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Claims(11)
What is claimed is:
1. A homogeneous charge compression ignition engine comprising:
an engine housing defining a plurality of engine cylinders, a piston disposed in each cylinder and reciprocating between a top dead center position and a bottom dead center position;
a fuel injector associated with each engine cylinder and being operable to inject fuel into a respective engine cylinder when said piston is closer to said bottom dead center position than to said top dead center position;
at least one intake valve associated with each said engine cylinder;
a cam being sized and positioned to mechanically actuate said at least one intake valve; and
an electro-hydraulic assist intake actuator being sized and positioned to mechanically actuate said at least one intake valve independent of a cam angle.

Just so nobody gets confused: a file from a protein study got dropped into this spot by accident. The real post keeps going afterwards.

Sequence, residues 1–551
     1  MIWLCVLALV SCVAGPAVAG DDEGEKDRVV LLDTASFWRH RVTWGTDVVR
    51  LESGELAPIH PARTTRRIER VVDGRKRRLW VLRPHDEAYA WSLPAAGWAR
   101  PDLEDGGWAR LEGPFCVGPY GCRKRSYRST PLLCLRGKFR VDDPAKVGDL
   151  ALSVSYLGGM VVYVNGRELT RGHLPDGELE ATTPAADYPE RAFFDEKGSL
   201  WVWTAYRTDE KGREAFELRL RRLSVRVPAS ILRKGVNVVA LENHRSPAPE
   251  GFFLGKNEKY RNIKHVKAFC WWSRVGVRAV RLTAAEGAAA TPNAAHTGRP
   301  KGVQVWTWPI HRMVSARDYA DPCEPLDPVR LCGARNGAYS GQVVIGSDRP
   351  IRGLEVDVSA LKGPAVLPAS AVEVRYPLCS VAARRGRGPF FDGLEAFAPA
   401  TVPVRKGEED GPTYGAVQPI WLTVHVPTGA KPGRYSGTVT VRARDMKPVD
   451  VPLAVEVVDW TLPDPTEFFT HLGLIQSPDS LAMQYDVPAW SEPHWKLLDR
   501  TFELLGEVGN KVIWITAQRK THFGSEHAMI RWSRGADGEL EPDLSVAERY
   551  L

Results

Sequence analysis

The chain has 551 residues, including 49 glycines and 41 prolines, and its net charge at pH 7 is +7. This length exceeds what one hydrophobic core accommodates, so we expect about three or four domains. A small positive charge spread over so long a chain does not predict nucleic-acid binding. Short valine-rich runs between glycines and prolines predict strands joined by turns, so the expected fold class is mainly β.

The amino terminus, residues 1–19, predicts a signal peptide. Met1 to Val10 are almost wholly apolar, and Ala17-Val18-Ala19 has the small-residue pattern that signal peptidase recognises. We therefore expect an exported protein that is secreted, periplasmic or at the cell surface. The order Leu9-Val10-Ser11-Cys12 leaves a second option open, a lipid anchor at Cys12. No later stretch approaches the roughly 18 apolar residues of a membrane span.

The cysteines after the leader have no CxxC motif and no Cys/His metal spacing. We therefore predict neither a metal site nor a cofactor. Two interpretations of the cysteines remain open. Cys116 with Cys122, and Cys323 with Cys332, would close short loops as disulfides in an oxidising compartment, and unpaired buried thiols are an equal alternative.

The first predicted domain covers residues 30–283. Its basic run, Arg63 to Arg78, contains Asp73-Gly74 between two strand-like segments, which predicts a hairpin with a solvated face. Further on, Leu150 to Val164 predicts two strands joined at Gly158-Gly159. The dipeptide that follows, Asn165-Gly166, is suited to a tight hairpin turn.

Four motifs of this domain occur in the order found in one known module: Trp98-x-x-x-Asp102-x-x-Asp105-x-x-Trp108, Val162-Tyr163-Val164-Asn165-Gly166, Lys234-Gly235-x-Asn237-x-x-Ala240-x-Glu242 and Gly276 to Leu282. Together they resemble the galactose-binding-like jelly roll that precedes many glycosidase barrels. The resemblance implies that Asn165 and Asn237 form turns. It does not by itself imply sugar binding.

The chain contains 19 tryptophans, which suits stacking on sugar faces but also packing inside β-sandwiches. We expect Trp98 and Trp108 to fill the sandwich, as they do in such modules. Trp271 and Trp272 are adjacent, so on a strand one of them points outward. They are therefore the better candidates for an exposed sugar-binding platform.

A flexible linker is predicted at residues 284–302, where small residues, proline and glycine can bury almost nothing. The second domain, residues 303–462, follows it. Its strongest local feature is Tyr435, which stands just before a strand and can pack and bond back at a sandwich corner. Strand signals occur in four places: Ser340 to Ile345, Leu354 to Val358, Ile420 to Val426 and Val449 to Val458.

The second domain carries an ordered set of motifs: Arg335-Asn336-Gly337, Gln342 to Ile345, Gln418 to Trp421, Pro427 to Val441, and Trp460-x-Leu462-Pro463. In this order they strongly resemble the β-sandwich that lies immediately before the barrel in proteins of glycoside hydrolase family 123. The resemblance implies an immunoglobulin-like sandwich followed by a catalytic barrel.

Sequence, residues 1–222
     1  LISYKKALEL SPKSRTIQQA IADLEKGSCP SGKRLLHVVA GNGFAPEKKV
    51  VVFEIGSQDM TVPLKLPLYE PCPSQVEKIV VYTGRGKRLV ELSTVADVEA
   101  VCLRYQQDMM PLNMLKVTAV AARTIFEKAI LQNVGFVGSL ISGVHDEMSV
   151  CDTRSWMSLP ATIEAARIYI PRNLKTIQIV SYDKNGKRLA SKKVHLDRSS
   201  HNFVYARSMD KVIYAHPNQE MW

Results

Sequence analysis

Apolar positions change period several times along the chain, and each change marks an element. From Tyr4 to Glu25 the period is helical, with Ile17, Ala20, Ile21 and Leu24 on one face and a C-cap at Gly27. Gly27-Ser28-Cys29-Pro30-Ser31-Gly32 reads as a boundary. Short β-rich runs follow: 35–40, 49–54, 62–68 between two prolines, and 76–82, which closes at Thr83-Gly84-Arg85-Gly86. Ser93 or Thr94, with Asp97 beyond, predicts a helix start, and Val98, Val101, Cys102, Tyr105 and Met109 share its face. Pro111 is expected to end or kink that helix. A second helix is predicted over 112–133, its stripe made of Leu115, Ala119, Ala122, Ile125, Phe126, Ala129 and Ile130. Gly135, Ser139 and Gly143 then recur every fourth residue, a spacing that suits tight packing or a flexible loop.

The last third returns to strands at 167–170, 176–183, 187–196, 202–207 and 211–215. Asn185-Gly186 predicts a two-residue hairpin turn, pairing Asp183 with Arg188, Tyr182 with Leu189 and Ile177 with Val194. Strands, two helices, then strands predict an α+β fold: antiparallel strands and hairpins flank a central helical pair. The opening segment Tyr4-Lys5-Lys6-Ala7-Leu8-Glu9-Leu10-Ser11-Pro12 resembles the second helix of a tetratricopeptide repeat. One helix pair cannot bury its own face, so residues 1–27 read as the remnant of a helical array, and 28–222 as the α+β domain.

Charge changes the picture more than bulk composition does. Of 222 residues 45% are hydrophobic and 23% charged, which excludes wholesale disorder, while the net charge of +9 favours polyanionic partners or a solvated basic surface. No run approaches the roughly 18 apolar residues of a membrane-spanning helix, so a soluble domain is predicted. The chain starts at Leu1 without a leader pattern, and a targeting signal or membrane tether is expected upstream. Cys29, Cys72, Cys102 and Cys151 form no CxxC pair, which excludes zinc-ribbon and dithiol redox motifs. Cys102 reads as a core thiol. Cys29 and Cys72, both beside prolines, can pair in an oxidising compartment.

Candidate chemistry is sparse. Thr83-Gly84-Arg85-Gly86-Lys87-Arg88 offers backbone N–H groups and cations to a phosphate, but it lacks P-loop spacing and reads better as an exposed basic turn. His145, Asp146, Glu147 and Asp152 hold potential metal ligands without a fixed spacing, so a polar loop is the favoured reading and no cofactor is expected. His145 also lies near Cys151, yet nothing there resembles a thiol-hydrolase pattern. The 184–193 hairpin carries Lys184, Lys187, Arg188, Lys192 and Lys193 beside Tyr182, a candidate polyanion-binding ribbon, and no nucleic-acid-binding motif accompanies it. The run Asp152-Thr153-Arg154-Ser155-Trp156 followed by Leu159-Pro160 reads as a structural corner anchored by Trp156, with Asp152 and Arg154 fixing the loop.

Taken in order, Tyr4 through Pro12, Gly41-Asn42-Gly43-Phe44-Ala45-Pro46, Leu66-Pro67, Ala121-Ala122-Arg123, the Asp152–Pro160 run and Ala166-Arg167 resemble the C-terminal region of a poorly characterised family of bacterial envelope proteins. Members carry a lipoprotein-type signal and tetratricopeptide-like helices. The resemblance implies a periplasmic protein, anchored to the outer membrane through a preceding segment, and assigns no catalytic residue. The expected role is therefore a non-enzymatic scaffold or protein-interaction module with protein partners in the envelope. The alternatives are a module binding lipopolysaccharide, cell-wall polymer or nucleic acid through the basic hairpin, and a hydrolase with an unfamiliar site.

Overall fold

2. The engine of claim 1 wherein said at least one intake valve has a cam determined opening time and a cam determined closing time; and
said electro-hydraulic assist intake actuator being capable of opening said at least one intake valve prior to said cam determined opening time and closing said intake valve after said cam determined closing time.
3. The engine of claim 1 including at least one cam actuated exhaust valve for each said engine cylinder, said at least one exhaust valve being operably coupled to an electro-hydraulic assist exhaust actuator.
4. The engine of claim 1 wherein said electro-hydraulic assist intake actuator includes a movable plunger;
said plunger being positioned to mechanically engage said intake valve; and